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January 26, 2020

Note: Justice Talking's grant funding expired in 2008 and the project has been closed. This website is an archive of the entire run of Justice Talking shows through June 30, 2008.
It is no longer being maintained. We apologize for any stale or broken links.
Featured Program

Photo by: Chris Hondros/Getty Images
Whose Internet Is It?
Last Featured: 3/27/2006

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Note: Justice Talking ceased production on June 30 of 2008. Link information on this site is not maintained and is provided for historical interest only. Although correct when posted, The Annenberg Public Policy Center makes no claim as the the accuracy or continued availability of any third party web links found on this site.

Renew your driver’s license. Pay a parking ticket. Enroll in community college. These things are now easier to do on the Internet than they are in person. As more public services move online, what happens to those who don’t have access to the Internet? Some communities are hoping to bridge the digital divide by providing free wireless service. But should municipalities be competing with private businesses like phone and cable companies? Upcoming legislation seeks to settle the old conflict between a free market and the public good. And it may forever decide who gets access to the Internet and what kind of Internet it will be.

Interview with Jonathan Krim
Host Margot Adler speaks with journalist Jonathan Krim about the origins of the Internet and the explosive growth that has accompanied its success.

Jonathan Krim is director of strategic initiatives at washingtopost.com, and a former Washington Post reporter who covered technology policy.

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Report from Philadelphia
Reporter Bruce Shimmel examines the City of Philadelphia's ambitious plan to offer wireless Internet service to its citizens and the response of telecomm companies who see that as unfair competition.

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Debate on the Issue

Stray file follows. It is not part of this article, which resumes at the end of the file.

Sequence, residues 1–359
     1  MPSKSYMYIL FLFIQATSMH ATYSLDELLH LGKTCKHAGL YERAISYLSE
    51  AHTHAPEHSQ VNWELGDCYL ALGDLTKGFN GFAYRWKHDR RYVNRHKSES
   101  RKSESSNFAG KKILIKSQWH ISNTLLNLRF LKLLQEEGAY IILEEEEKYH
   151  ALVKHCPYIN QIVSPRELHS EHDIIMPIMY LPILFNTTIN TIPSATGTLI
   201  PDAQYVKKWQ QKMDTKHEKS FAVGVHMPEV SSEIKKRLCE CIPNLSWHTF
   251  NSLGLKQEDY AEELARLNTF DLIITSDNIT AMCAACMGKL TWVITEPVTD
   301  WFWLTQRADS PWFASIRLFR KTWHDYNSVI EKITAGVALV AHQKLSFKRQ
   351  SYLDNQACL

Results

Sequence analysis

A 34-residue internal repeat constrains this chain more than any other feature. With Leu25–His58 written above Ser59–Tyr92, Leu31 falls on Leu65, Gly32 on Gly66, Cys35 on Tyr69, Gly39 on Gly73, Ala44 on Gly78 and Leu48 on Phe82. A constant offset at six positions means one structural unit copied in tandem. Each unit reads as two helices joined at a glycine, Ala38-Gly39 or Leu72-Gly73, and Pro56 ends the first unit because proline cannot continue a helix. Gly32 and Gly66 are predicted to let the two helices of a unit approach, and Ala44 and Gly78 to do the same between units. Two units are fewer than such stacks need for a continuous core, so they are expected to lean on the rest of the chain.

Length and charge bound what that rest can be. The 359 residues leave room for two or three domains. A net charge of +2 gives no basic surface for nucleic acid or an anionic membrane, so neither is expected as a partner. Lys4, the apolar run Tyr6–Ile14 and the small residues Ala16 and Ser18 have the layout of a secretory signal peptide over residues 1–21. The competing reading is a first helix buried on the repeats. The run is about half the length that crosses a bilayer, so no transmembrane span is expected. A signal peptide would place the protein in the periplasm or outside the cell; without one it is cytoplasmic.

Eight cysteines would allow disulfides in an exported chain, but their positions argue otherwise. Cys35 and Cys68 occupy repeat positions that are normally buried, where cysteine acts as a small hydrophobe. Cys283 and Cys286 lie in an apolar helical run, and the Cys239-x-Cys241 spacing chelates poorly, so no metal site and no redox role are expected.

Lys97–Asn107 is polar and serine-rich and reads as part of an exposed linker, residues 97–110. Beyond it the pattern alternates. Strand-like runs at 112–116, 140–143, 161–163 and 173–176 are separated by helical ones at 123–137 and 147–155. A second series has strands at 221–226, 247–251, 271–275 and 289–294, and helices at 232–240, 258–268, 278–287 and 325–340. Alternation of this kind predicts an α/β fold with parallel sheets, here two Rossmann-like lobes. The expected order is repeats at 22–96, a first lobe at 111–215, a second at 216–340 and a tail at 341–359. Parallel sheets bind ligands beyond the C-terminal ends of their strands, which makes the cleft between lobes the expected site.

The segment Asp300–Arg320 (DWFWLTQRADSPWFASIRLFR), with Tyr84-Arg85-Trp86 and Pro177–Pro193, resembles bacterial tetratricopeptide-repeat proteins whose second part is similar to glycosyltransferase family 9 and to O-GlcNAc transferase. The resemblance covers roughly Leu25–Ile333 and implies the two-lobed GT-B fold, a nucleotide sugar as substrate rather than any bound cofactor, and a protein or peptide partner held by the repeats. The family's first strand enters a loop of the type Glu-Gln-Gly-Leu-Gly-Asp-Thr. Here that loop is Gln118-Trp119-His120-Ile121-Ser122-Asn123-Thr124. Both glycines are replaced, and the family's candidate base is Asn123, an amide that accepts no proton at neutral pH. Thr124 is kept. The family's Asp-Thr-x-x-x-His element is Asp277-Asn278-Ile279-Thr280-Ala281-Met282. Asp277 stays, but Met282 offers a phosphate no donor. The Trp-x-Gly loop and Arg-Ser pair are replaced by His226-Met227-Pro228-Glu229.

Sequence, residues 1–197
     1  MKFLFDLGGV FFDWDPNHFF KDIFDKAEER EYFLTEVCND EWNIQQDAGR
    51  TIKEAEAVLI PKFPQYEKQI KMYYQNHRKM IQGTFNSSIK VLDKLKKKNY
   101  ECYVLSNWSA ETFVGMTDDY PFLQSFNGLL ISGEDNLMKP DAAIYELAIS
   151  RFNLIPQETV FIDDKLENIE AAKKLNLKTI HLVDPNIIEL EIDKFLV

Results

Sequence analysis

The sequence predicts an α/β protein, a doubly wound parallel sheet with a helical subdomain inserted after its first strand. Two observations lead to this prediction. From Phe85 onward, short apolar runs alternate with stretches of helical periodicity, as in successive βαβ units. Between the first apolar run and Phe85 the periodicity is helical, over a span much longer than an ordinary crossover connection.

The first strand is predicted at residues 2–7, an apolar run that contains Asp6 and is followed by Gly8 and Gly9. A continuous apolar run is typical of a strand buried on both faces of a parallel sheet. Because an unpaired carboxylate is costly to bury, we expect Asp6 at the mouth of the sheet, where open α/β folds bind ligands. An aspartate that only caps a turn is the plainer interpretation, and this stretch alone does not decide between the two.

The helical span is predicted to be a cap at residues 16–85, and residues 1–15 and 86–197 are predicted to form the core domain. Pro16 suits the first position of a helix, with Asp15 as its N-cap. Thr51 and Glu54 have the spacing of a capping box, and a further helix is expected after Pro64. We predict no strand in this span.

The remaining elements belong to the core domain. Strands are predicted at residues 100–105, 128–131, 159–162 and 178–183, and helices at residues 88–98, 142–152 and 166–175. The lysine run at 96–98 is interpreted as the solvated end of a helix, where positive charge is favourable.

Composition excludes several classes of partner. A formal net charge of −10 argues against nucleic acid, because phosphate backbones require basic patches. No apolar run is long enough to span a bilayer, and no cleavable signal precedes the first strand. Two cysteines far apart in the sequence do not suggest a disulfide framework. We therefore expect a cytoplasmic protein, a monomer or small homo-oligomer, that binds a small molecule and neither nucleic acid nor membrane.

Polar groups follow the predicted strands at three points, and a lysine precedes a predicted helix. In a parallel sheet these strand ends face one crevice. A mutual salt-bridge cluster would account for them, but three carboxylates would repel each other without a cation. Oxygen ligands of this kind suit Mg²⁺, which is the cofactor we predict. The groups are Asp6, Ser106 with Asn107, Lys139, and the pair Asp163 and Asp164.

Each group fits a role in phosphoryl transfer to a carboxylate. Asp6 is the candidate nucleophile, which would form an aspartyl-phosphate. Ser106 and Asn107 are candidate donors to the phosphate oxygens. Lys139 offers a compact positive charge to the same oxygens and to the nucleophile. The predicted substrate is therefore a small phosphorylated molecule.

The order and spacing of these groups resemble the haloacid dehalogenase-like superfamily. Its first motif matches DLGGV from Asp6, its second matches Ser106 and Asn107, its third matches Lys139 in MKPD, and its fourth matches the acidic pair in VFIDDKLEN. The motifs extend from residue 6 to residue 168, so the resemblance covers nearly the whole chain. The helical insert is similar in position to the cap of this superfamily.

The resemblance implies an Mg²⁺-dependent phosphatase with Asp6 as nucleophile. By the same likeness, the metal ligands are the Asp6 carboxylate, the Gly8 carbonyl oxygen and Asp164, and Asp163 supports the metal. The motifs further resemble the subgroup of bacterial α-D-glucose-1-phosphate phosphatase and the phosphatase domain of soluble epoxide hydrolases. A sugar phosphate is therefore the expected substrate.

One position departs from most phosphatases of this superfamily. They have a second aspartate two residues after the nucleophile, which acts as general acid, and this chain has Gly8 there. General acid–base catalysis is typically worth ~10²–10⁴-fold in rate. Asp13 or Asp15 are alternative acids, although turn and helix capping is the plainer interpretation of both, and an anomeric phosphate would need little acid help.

Recorded before a live audience in Palm Springs, CA, industry representative David McClure and advocate Art Brodsky debate the past, present and future of the Internet.

David McClure is president and chief executive officer of the US Internet Industry Association, the primary US trade association for Internet service providers and telecomm companies. Prior to joining the trade group he spent six years as a network engineer for consulting companies, a marketing consultant for hardware and software companies, and three years as the online communications consultant and field agent for the Software Publishers Association tracking international software piracy operations.

Art Brodsky is communications director of Public Knowledge. He is a veteran journalist who worked for 16 years with Communications Daily, a leading trade publication. He covered Congress through the passage of the Digital Millennium Copyright Act and other major legislation, including telephone regulation at the state and federal levels. He has covered the online industry since before there was an Internet, coming in just after videotext died but before the World Wide Web.

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Special Announcements
Justice Talking’s last broadcast & podcast was June 30, 2008.
Telecommunications Act of 1996
The Annenberg Center Principles for Network Neutrality (PDF)
US Internet Industry Association
Center for Digital Democracy
Federal Communications Commission
CyberTelecom - Federal Internet Law & Policy
New Millennium Research Council (PDF)
Tim Wu, Social Sciences Research Network
RAND Corporation - Research Topics for Informing Broadband Internet Policy (PDF)
Public Knowledge
FutureNet: The Past, Present, and Future of the Internet as Told by Its Creators and Visionaries
by Sally Richards
Technology and Social Inclusion : Rethinking the Digital Divide
by Mark Warschauer
The Digital Divide: Facing a Crisis or Creating a Myth?
by Benjamin M. Compaine
Identity Theft
Lost in Space: What is the future for NASA?